Unformatted text preview: ing the halfyear convention and switching to straight-line when advantageous. Although
tables of depreciation percentages are not provided by law, the approximate percentages (rounded to the nearest whole percent) written off each year for the first
four property classes are shown in Table 3.2. Rather than using the percentages
in the table, the firm can either use straight-line depreciation over the asset’s
recovery period with the half-year convention or use the alternative depreciation
system. For purposes of this text, we will use the MACRS depreciation percentages, because they generally provide for the fastest write-off and therefore the
best cash flow effects for the profitable firm.
Because MACRS requires use of the half-year convention, assets are assumed
to be acquired in the middle of the year, and therefore only one-half of the first
year’s depreciation is recovered in the first year. As a result, the final half-year of
depreciation is recovered in the year immediately following the asset’s stated
recovery period. In Table 3.2, the depreciation percentages for an n-year class
asset are given for n 1 years. For example, a 5-year asset is depreciated over 6
recovery years. The application of the tax depreciation percentages given in Table
3.2 can be demonstrated by a simple example.
2. An exception occurs in the case of assets depreciated under the alternative depreciation system. For convenience,
in this text we ignore the depreciation of assets under this system.
3. For a review of these depreciation methods as well as other aspects of financial reporting, see any recently published financial accounting text. 100 PART 1 Introduction to Managerial Finance TABLE 3.2 Rounded Depreciation
Percentages by Recovery Year
Using MACRS for First Four
Percentage by recovery yeara Recovery year 3 years 5 years 7 years 10 years 1 33% 20% 14% 10% 2 45 32 25 18 3 15 19 18 14 4 7 12 12 12 5 12 9 9 6 5 9 8 7 9 7 8 4 6 9 6 10 6 11 4 Totals 100% 100% 100% 100% aThese percentages have been rounded to the nearest whole percent to simplify calculations while retaining realism. To calculate the actual depreciation for tax purposes, be sure to apply the actual unrounded percentages or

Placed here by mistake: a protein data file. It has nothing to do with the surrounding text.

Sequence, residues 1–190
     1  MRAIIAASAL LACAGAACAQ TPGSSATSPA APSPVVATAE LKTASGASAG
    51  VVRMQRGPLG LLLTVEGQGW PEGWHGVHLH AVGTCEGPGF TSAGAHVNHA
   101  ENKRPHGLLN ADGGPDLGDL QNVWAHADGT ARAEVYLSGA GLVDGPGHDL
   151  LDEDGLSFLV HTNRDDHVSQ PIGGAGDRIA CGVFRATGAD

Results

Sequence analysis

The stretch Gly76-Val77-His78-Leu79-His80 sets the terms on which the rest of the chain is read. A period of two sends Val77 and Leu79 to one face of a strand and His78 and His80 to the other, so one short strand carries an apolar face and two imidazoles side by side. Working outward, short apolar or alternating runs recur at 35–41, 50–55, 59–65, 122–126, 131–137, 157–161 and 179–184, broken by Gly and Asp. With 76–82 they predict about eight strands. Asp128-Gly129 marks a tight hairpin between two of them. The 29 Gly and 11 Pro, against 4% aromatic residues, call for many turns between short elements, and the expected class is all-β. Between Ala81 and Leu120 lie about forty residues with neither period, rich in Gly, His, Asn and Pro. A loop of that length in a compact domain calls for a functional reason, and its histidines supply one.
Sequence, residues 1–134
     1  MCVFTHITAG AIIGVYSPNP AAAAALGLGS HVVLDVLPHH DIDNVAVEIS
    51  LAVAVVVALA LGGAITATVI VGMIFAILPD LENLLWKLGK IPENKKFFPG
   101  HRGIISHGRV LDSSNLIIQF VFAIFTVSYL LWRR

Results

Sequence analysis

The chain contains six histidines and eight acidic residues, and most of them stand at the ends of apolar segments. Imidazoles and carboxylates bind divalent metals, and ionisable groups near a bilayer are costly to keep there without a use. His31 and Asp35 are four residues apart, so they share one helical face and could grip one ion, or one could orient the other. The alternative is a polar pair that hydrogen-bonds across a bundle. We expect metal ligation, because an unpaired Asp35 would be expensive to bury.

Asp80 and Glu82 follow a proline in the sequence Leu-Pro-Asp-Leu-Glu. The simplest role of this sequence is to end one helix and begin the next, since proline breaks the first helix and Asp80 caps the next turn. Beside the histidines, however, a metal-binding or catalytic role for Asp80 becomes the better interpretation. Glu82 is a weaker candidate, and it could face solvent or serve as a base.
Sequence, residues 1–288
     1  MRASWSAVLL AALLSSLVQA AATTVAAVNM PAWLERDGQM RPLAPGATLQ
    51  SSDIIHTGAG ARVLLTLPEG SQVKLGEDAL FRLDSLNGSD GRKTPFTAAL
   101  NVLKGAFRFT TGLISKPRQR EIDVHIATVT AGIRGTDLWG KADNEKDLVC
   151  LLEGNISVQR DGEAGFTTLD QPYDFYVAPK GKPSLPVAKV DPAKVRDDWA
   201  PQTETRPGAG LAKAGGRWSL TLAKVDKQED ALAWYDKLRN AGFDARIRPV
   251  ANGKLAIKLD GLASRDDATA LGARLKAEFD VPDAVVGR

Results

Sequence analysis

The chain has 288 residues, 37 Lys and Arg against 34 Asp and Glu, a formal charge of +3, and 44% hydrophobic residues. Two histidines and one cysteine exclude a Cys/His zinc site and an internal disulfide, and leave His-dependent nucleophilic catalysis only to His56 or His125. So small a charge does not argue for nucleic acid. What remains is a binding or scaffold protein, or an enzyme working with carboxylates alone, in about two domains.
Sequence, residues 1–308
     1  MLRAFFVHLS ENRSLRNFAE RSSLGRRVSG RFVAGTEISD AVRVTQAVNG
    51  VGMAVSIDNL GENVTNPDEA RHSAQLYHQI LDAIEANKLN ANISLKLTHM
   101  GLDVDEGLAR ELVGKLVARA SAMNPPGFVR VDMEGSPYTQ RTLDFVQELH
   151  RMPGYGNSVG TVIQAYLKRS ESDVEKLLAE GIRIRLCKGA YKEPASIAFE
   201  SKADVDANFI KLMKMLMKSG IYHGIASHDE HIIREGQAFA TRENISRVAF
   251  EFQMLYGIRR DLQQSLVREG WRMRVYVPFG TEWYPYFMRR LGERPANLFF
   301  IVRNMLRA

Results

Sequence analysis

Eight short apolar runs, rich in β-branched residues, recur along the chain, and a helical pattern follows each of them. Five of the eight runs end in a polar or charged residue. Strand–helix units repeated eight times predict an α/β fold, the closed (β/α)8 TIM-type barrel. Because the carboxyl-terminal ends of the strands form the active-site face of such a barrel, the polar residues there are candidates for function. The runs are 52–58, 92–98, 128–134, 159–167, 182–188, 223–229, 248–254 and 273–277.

directly apply double-declining balance (200%) depreciation using the halfyear convention. EXAMPLE Baker Corporation acquired, for an installed cost of $40,000, a machine having a
recovery period of 5 years. Using the applicable percentages from Table 3.2,
Baker calculates the depreciation in each year as follows: Percentages
(from Table 3.2)
(3) Year Cost
(1) 1 $40,000 2 40,000 32 12,800 3 40,000 19 7,600 4 40,000 12 4,800 5 40,000 12 4,800 6 40,000 5 Totals 20% 100% $ 8,000 2,000
$40,000 Column 3 shows that the full cost of the asset is written off over 6 recovery years.
Because financial managers focus primarily on cash flows, only tax depreciation methods will be utilized throughout this textbook. CHAPTER 3 Cash Flow and Financial Planning 101 Developing the Statement of Cash Flows
The statement of cash flows, introduced in Chapter 2, summarizes the firm’s cash
flow over a given period of time. Before discussing the statement and its interpretation, we will review the cash flow through the firm and the classification of
inflows and outflows of cash.
Hint Remember that in
finance, cash is king. Income
statement profits are good, but
they don’t pay the bills, nor do
asset owners accept them in
place of cash. FIGURE 3.1 The Firm’s Cash Flows
Figure 3.1 illustrates the firm’s cash flows. Note that marketable securities are
considered the same as cash because of their highly liquid nature. Both cash and
marketable securities represent a reservoir of liquidity that is increased by cash Cash Flows
The firm’s cash flows
(1) Operating Flows
Wages Labor Raw
Materials (2) Investment Flows
Payment of Accruals Accounts
Purchases Purchase Fixed Assets Sale Depreciation Work in
Securities Operating (incl.
Interest Expense (3) Financing Flows
Borrowing Payment Taxes Repayment Refund Sales Cash Sales Sale of Stock
Repurchase of Stock
Payment of Cash Dividends Accounts
Receivable Collection of Credit Sales Debt
Long-Term) Equity 102 PART 1 Introduction to Managerial Finance operating flows
Cash flows directly related to
sale and production of the firm’s
products and services.
Cash flows associated with
purchase and sale of both fixed
assets and business interests.
Cash flows that result from debt
and equity financing transactions; includes incurrence and
repayment of debt, cash inflow
from the sale of stock, and cash
outflows to pay cash dividends or
repurchase stock. inflows and decreased by cash outflows. Also note that the firm’s cash flows can
be divided into (1) operating flows, (2) investment flows, and (3) financing flows.
The operating flows ar...
View Full Document